I am writing an application App1. This application uses SQLite database and I plan to encrypt it using AES256. For symmetric encryption I need a key, which I need to store somewhere.

From a similar questions I have a few options, but none is applicable in my case:

  1. Tie the encryption key to your admin login

    I don't trust the currently logged user. In fact, I want to hide this from anyone, but App1.

  2. Tie the encryption key to your hardware.

    App1 is deployed to thousands of machines, some may not have needed hardware.

  3. Type in the encryption key when you start up, store it in memory.

    User must not have access to App1 key.

  4. Store the key on a different server.

    Machine is allowed to be off line, while App1 is running.

  5. Store the key elsewhere on the same server.

    Then it can be found.

  6. Store the key in the database.

    I need to secure the database, which is kind of recursive in my case.

Possible solution is to store the key using Windows DPAPI, but

  1. DPAPI is focused on providing data protection >for users<.

    Whereas I need to protect an application. I also need that App1 worked from different users on the same machine

  2. I can add secondary entropy, to restrict the currently logged user from accessing the data.

    However, I need to store this secret data on the machine. How do I protect that... Appears to be recursion again.

Question: where do I securely store application-specific symmetric key?

  • 9
    Sounds like you need some magic fairy dust.
    – user10211
    Commented Mar 14, 2013 at 15:18
  • 4
    Pick two: 1) untrusted user 2) secret data on the client 3) secure Commented Mar 14, 2013 at 15:27
  • @CodesInChaos - #1 should really be untrusted users with control of client computer. There are at least a few options if you can lock down the system to limit the ability of the untrusted user on the client system, though it is probably too complex to answer in QA format. Commented Mar 14, 2013 at 15:34
  • possible duplicate of where to store a key for encryption Commented Mar 14, 2013 at 15:35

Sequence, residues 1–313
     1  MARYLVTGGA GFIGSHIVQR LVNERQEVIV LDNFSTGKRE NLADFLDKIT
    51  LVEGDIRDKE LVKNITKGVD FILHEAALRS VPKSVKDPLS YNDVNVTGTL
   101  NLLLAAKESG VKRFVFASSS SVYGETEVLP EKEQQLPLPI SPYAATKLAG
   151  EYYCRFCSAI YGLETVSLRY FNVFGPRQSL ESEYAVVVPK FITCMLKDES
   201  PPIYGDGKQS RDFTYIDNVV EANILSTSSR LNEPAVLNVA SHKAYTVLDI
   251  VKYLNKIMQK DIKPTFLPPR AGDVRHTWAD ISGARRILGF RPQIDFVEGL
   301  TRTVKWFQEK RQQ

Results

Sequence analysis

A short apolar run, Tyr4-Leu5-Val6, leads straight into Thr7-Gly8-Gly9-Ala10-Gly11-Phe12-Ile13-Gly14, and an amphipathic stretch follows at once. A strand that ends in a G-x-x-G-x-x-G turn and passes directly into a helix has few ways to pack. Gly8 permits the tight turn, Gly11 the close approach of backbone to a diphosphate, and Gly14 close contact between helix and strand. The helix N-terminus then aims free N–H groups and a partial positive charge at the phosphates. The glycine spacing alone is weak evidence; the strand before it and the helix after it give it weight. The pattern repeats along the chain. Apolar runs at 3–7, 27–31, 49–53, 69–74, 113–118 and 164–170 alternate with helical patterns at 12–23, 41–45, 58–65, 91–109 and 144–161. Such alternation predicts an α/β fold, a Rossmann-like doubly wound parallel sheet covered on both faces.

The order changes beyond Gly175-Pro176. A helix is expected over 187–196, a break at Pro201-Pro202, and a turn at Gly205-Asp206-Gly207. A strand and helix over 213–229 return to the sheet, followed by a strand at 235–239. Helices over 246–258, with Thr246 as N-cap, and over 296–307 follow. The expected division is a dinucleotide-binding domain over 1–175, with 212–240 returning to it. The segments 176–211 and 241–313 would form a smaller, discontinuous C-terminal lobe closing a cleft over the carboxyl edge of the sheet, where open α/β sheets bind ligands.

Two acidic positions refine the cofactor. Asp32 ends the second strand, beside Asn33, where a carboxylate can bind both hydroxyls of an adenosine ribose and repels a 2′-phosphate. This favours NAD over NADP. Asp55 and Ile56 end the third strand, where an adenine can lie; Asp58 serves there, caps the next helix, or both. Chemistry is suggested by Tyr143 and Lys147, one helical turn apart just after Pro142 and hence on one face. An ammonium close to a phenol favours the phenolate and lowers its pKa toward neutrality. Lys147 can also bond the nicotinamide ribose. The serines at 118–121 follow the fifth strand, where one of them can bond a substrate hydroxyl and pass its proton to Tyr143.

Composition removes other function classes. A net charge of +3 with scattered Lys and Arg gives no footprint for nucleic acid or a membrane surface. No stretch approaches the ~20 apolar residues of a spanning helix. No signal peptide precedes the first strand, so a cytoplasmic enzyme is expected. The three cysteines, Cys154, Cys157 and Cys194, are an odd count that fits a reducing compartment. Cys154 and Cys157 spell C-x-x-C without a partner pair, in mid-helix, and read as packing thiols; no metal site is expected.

• 1
    @AJHenderson This is a different question: I am asking for application-specific key storage.
    – oleksii
    Commented Mar 14, 2013 at 15:37

5 Answers 5


This is the magical issue of DRM and the short answer is that there is no good answer and if you come up with one, you will be very wealthy. In order for the application to access the key, it has to be able to get to it from an unencrypted state and whatever it can do, a sufficiently advanced user can do too.

You could use a TPM (trusted platform module) or HSM (hardware security module) to store the key as long as the user does not have administrative access on the system, but if they are an admin, then they will likely be able to get the TPM or HSM to give up the key. It would also be difficult to make sure that only the program is able to get the TPM or HSM to perform operations as the application has no way to authenticate itself to the key store that the user can't fake, but it at least would keep the key itself safe.

So short answer, you are completely out of luck if the users have admin on the box the app will run on. If you can give them only limited accounts, then there are some options, but they are still not particularly strong unless you lock down the system quite a bit.

  • 1
    "they will likely be able to get the TPM or HSM to give up the key" Those are usually write-only i.e. you can import but not export keys. So unless you're an expert in hardware analysis (like flylogic) you won't be able to extract the key. Obviously this requires a pre-loaded key by a trusted third party, and an attacker will probably still be able to steal the plaintext, just not the key. Commented Mar 14, 2013 at 15:45
  • @CodesInChaos - I was under that impression as well but have seen at-least one TPM where it was exportable with admin access and control of the TPM. It probably depends on the exact hardware, but at-least some will allow export if you authenticate with the chip as administrator. Perhaps there is a no-export setting that can be set on it though. Commented Mar 14, 2013 at 16:10